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    Homewood Real Estate

    Central to Homewood’s evolution from a whistle-stop farming center to a substantial suburb of a large city is its location on the Illinois Central Railroad.  The area drains into the Calumet River.  Homewood lies in four townships – Bloom, Bremen, Rich, and Thornton.  It formally organized as a village in 1893.

    Immediately after federal surveyors marked the section lines around Homewood in 1834, settlers bought land and started farms.  In 1852, a year after the first store opened, the business district was platted as Hartford.  The next year, the Illinois Central Railroad commenced service with a stop called Thornton Station, because most passengers were traveling to or from nearby Thornton.  In 1869, the U.S. Postmaster General assented to a petition from local residents and officially changed the name to Homewood.

    Through the 19th century, the town grew slowly. Farmers shipped their produce to Chicago, and local business and some industry developed to serve their needs, including a flourmill that operated from 1856 into the 1880’s.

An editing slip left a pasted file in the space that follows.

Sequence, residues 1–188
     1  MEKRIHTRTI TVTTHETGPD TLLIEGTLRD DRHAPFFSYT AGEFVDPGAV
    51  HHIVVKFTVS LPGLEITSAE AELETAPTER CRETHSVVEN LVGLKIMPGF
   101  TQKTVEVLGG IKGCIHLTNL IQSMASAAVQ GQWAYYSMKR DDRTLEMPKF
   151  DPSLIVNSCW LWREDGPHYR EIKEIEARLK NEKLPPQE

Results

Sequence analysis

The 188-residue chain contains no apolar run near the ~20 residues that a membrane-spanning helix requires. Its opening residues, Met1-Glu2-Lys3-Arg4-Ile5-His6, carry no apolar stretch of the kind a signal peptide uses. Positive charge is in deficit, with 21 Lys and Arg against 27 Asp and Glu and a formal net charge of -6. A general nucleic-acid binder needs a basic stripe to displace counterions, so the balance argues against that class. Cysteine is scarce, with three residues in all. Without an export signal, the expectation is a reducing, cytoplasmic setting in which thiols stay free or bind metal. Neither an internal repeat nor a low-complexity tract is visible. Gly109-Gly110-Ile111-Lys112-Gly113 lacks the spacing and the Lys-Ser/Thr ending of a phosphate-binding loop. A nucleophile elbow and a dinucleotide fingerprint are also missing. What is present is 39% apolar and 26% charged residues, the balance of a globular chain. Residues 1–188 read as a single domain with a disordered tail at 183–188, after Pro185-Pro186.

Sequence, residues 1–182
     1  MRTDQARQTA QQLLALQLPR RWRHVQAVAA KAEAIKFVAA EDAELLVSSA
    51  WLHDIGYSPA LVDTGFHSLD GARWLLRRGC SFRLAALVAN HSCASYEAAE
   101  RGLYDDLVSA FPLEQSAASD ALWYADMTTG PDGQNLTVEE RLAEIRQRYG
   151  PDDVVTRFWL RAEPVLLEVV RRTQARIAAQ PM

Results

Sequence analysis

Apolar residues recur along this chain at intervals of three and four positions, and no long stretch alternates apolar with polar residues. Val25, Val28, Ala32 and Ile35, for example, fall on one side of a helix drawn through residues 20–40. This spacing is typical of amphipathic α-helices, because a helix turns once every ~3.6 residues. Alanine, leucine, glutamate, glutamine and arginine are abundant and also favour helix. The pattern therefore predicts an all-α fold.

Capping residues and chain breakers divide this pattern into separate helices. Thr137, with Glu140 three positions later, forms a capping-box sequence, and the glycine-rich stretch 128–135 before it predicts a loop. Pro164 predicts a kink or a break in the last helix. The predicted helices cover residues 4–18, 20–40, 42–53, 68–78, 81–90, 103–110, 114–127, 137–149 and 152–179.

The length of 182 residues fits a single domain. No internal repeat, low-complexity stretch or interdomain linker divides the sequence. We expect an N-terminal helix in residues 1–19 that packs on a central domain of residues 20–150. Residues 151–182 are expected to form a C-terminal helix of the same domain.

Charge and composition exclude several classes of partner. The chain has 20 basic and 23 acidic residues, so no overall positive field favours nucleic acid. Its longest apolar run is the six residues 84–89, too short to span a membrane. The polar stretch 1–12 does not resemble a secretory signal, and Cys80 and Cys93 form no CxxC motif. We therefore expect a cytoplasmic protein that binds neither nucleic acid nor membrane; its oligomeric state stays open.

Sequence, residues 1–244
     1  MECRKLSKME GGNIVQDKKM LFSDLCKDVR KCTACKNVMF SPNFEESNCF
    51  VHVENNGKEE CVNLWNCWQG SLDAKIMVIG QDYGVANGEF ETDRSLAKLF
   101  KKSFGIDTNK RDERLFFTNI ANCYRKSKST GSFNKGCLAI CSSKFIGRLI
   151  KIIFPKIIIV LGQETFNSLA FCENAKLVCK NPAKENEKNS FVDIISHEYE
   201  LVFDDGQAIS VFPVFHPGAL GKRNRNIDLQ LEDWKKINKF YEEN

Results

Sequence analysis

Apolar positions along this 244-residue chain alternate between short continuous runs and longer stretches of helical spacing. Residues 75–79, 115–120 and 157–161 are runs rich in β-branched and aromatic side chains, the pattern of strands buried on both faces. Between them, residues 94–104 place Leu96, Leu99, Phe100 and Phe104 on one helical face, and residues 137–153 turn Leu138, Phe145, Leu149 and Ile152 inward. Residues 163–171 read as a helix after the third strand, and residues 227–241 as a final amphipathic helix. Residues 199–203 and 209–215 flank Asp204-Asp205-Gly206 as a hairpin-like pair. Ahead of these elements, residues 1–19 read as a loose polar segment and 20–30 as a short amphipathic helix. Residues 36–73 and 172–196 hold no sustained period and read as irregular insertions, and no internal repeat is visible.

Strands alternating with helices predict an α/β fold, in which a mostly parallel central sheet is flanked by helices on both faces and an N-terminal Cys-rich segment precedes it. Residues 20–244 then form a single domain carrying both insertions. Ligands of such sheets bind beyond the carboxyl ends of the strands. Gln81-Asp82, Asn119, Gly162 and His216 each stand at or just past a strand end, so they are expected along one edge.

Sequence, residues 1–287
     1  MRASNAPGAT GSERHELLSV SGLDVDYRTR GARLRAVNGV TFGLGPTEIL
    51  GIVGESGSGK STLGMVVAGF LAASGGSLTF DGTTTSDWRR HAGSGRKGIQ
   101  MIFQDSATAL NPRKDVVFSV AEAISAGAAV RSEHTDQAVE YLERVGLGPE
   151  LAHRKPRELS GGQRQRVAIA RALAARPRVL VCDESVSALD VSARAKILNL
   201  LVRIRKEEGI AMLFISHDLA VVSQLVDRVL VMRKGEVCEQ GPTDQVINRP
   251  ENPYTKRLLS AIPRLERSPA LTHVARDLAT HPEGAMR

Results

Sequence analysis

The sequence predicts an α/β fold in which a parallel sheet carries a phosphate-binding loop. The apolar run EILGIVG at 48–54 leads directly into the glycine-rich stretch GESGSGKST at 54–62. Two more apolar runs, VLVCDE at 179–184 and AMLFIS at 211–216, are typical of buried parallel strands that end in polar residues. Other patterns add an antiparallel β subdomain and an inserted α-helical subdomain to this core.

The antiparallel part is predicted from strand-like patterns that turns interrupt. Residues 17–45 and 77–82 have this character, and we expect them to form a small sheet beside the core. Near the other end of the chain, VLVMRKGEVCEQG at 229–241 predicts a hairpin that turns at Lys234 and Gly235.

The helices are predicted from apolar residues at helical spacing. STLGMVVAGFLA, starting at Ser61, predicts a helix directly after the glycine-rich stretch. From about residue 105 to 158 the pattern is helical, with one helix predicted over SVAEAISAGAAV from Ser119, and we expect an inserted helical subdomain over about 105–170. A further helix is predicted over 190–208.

In the 20th century, recreation began to draw visitors, some of whom became residents with the opening of 5 early golf clubs still in operation today: Flossmoor Country Club in neighboring Flossmoor (originally Homewood Country Club until 1914); Ravisloe; Idlewild in Flossmoor; Olympia Fields in Olympia Fields; Calumet (originally organized in Chicago but relocated to Homewood in 1917.  The Illinois Central offered special scheduled and created special stops for golfers.  That was the origin of the stops that became Calumet, Flossmoor, and Olympia Fields.  The railroad attracted more new residents in both towns by selling real estate in Floosmoor, and in 1926, by electrifying its commuter service.

    Relatively little direct benefit accrued from another recreation attraction, Washington Park Race Track, which opened in 1926 on the ground west of Halsted St just outside the village bounds.  Few of the horse racing aficionados who patronized the track shopped or ate in Homewood, because the Illinois Central built a spur line so passengers could ride directly between Chicago and the track.  During the Great Depression, the Illinois Jockey Association helped Homewood pay for infrastructure built during the optimistic, prosperous 1920’s.  Washington Park went out of business after its grandstand burned in 1977; in 1992 Homewood bought the site and turned it into a commercial and retail development.

    In the postwar period, Homewood and Flossmoor established instituional partnerships.  Homewood-Flossmoor Community High School opened its doors in 1959, and a join park district was incorporated in 1969.

    The Great Depression and World War II merely slowed growth.  By the 1970’s Homewood had become a virtual bedroom for Chicago.  In 1967, Homewood and Flossmoor formed one of only three outlaying suburban zones where half or more of the workers commuted to jobs in Chicago and that trend continued into the 21st century.